• Intrapersonal (Supervisory or Mid-Level): Expresses belief in and commitment in MSU Denver’s mission and values around equity and social. Justice Demonstrated experience impacting equity and social justice outcomes through programming or incident response.
  • Systemic/Community (Upper-Level Administration): Expresses belief in and commitment in MSU Denver’s mission and values around equity and social justice. Demonstrated experience impacting equity and social justice outcomes through strategic visioning and assessment. Has shared knowledge in a professional or community setting on equity topics.

Evaluation: As a Hiring Committee, we’d like you to discuss the following questions:

  • Which level of competency should be expected for the position you are hiring for?
  • What competencies might you look for in that role? What might be some things to look for in a candidate’s application that hint at them meeting these competencies?
  • If a candidate meets most but not all competencies for their assigned level, what development opportunities might their office/supervisor realistically be able to provide them to ensure they are advancing in these areas?

Develop a Prompt and Guidance

Develop a prompt and guidance around a potential supplemental question or required candidate diversity statement. Include question(s) on all job applications that ask about demonstrated commitment to equity, diversity and inclusion.

Examples:

  • What does social justice mean to you? How do you incorporate this principle in your work?
  • Articulate your experience in advancing equity, diversity and inclusion.
  • When have you addressed injustice or inequity in your community?
  • Explain a time when a student spoke to you about an equity barrier they were facing and how you helped them address the situation?
  • When have you challenged a leader or policy that you felt was unjust? How did you address it?
  • How have you maintained or supported a diverse workforce?
  • Write about your experience of one of MSU Denver’s core values: Community, Access, Diversity, Respect, Entrepreneurship
  • What tools/techniques do you bring for promoting collaboration among underrepresented groups?

Assessment (Points 1-3) (Exceptional, Good, Marginal, Poor)
(3)
Demonstrates an understanding and acceptance of equity, inclusion and diversity concepts, and that they are broader than just race, ethnicity, and gender
(2) Demonstrates self-awareness, in terms of understanding their own culture, identity, biases, prejudices, power, privilege and stereotypes
(2) Demonstrates willingness to challenge and change institutional practices that present barriers to different groups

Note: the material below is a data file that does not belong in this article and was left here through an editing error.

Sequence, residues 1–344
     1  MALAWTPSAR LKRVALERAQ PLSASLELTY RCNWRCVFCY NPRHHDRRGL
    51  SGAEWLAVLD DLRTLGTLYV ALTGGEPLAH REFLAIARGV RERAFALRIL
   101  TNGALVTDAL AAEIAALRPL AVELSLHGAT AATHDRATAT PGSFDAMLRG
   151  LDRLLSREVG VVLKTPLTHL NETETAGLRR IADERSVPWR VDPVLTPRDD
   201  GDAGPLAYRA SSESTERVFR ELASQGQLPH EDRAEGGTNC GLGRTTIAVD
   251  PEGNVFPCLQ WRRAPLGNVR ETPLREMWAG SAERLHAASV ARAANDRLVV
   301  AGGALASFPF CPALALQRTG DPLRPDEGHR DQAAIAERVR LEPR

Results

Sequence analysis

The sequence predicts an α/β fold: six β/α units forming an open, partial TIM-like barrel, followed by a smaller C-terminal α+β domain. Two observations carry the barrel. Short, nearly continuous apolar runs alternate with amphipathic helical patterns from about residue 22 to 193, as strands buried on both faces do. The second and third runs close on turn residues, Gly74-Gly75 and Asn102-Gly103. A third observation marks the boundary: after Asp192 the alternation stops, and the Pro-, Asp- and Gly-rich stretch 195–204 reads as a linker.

(2) Able to provide concrete examples and/or experiences in these areas
(1) Infuses equity, inclusion and diversity concepts in response to questions not directly prompting for them
(1) Uses inclusive language
(1) Shares successful experiences working with underrepresented populations

Sample Questions

To best utilize these questions, we recommend that hiring committees spend time answering the questions as a group to identify how to differentiate between strong answers that demonstrate depth and experience and answers that simply utilize buzzwords. It is important for consistency that each candidate receive the same questions.

Open-ended:

Scenario-Based Questions

Write up case studies or scenarios related to equity and justice for candidates to respond to.  Allow candidates time to read the case study and write their answers out to then present to the hiring committee.  Support the introvert in not having to respond immediately on the spot, and allow for answers to demonstrate more depth of experience.

Hiring authorities could also invite candidates to bring samples or evidence of work that supports their involvement with social justice and equity (program reports, press coverage, etc.).  This could also be discussed at some point in the interview.  Instructions should be vague to allow for all types of representations (poem, keynote speech, etc.).

Assessment

When assessing whether an applicant is open and committed to issues related to diversity, equity, and inclusion (DEI), a candidate should:

  • Demonstrate an understanding and acceptance of equity, inclusion and diversity concepts, and that they are broader than just race, ethnicity, and gender
  • Demonstrate self-awareness, in terms of understanding their own culture, identity, biases, prejudices, power, privilege and stereotypes
  • Demonstrate awareness of generational differences in work styles
  • Demonstrate willingness to challenge and change institutional practices that present barriers to different groups
  • Infuse equity, inclusion and diversity concepts in response to questions not directly prompting for them
  • Able to provide concrete examples and/or experiences relating to DEI
  • Use inclusive language.
  • Seem comfortable discussing issues related to DEI
  • Indicate experience, commitment, and/or willingness to promote issues related to DEI
  • Share successful experiences working with underrepresented populations.

If interviewing for a management position:

  • Demonstrate recognition that diversity and inclusion are threaded through every aspect of management
  • Create a culture of belonging where all team members feel valued Add

Campus core competencies for inclusiveness:

  • Show respect for people and their differences; promotes fairness and equity.
  • Engage the talents, experiences, and capabilities of others.
  • Foster a sense of belonging; works to understand the perspectives of others.
  • Create opportunities for access and success.

Assessment Activity: Take some time to complete the following activity to help integrate what you have learned in this section.

  • Draft two DEI questions that align with the position and competency levels described in this guide that will be asked during your phone or in-person interview.
  • What would be the ideal answer to each question?
  • Share your questions and ideal answers with your hiring committee

Additional Posting Locations

Identify additional locations to post your positions that target under-represented campus populations. Information on areas to post can be found at the Equitable Hiring Group SharePoint site. Conversations with HR should help you determine what budget you may have to post on sponsored sites.